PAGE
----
Forest Rights Act: Looking beyond the statute

Divya Tulsyani

Student of B.A.LL.B. (Hons.) at School of Law, Bengaluru, Karnataka, India

Phone number: 9511581542

Email ID:

Millions live in and around the forest lands of India, but they do not have legal rights to their homes, property or livelihoods. Some representatives in government have all the authority over forest and forest dwellers. The outcome? Forests and individuals are both dying. This Act recognizes the rights of forest dwellers and makes conservation more accountable.

What is forest rights act (FRA)? And why is this law necessary?

The British transferred the nation’s abundant forest riches to satisfy their financial requirements in the colonial era. While laws such as the Indian Forest Act of 1927 provided for the settlement of rights, these were hardly implemented. Consequently, tribal and forest-dwelling groups, who lived in harmony with the environment and the forest ecosystem, a situation that continued even after independence, they live in tenural insecurity as they were marginalized.

The Scheduled Tribes and Other Traditional Forest Dwellers (Recognition of Forest Rights) Act, 2006, mainly focused on protecting the marginalized socio-economic class of people and balancing their right to life and livelihood with their right to the environment.

The Act essentially does two things:

  • Legally recognizes the rights of traditional forest dwelling groups, partly correcting the injustice created by forest laws.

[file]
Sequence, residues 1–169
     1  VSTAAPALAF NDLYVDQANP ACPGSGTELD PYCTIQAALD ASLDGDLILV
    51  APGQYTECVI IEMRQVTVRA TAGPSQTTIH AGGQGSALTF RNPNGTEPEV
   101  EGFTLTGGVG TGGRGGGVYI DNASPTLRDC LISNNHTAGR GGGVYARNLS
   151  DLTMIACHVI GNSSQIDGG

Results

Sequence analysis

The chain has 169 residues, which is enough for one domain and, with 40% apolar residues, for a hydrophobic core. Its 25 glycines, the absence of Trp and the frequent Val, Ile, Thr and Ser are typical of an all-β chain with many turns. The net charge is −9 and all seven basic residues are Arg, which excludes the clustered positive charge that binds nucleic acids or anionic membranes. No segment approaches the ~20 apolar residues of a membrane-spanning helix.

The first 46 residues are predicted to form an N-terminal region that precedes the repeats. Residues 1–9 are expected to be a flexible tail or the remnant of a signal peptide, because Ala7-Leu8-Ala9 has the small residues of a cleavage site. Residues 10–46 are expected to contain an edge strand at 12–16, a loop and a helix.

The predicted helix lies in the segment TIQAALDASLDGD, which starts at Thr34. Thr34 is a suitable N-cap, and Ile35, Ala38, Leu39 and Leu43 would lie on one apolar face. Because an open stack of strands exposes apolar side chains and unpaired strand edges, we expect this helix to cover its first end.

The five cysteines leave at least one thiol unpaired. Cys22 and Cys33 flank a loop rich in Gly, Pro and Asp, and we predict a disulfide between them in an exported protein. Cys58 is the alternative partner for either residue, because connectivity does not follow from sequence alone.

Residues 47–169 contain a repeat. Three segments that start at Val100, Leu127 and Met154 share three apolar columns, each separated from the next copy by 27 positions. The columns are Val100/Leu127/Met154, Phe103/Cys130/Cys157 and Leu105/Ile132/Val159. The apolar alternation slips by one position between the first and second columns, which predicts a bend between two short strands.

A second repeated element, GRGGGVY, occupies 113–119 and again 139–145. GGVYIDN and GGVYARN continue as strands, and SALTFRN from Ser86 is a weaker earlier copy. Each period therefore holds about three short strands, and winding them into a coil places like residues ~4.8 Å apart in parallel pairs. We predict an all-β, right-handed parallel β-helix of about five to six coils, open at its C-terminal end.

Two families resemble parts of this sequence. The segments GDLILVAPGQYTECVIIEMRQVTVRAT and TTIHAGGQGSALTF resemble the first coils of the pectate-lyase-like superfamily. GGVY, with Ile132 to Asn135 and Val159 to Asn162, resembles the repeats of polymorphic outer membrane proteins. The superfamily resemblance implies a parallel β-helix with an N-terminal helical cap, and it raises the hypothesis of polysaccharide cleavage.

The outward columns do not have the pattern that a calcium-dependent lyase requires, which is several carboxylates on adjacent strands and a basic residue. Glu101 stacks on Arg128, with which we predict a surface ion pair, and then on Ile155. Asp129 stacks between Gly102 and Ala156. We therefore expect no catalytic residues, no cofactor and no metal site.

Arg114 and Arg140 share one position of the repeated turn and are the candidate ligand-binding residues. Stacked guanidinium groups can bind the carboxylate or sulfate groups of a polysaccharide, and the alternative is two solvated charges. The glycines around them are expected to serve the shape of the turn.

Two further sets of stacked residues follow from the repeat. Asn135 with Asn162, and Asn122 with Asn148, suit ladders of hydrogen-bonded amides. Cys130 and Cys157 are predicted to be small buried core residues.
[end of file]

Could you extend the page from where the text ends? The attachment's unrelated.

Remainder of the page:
• Starts to give communities and the public a voice in the conservation of forests and wildlife.

Salient features of the Act:

  • The act recognizes and enshrines the rights and occupation of forest land in Forest Dwelling Scheduled Tribes (FDST) and Other Traditional Forest Dwellers (OTFD) who have resided for a long time in such forests.
  • The Act also sets out duties and power for sustainable use, biodiversity conservation and maintenance of FDST and OTFD ecological equilibrium.
  • It enhances the forest conservation system while maintaining the FDST and OTFD’s livelihood and food security.
  • It seeks to rectify the FDST and OTFD colonial injustice that are essential to the forest ecosystem’s very survival and sustainability.
  • The act identifies the following types of rights:
  • TITLE RIGHTS:  It provides FDST and OTFD the right to own tribal or forest residents farmed land subject to a maximum of 4 hectares. Ownership is only for land that the family in question is effectively cultivating and no fresh land will be given.
  • USE RIGHTS: The residents’ rights extend to Minor Forest Produce extraction, grazing regions, pastoralist paths, etc.
  • RELIEF AND DEVELOPMENT RIGHTS: Rehabilitation in the event of illegal displacement or compelled displacement and fundamental facilities subject to forest protection constraints
  • FOREST MANAGEMENT RIGHTS: It involves the right to safeguard, regenerate or preserve or handle any resource of community forest that has traditionally been protected and preserved for sustainable use.

These rights can be exercised by the Members or Scheduled Tribes community, predominantly resident in and dependent on forests or forest lands for the needs of bona fide living.

Supreme court order:

On 13 February,2019 the Supreme Court ordered that lakhs belonging to the Scheduled Tribes (STs) and Other Traditional Forest Dwellers (OTFDs) groups be expelled from 16 States whose claim as forest residents was rejected under the Forest Rights Act. A Bench of Justices Arun Mishra, Navin Sinha, and Indira Banerjee ordered many of these states ‘ chief secretaries to expel those whose claims were ultimately rejected.

The tribunal ordered the expulsion to take place by July 24, 2019.In a 19-page order, the Bench warned the States that if the expulsions were not carried out within the prescribed time limit, the matter would be considered seriously.’ By 12 July, the Chief Secretaries of the States had been told to lodge affidavits explaining why the rejected claimants had not been expelled. It instructed India’s Forest Survey (FSI) to conduct a satellite survey and record the “encroachment positions.”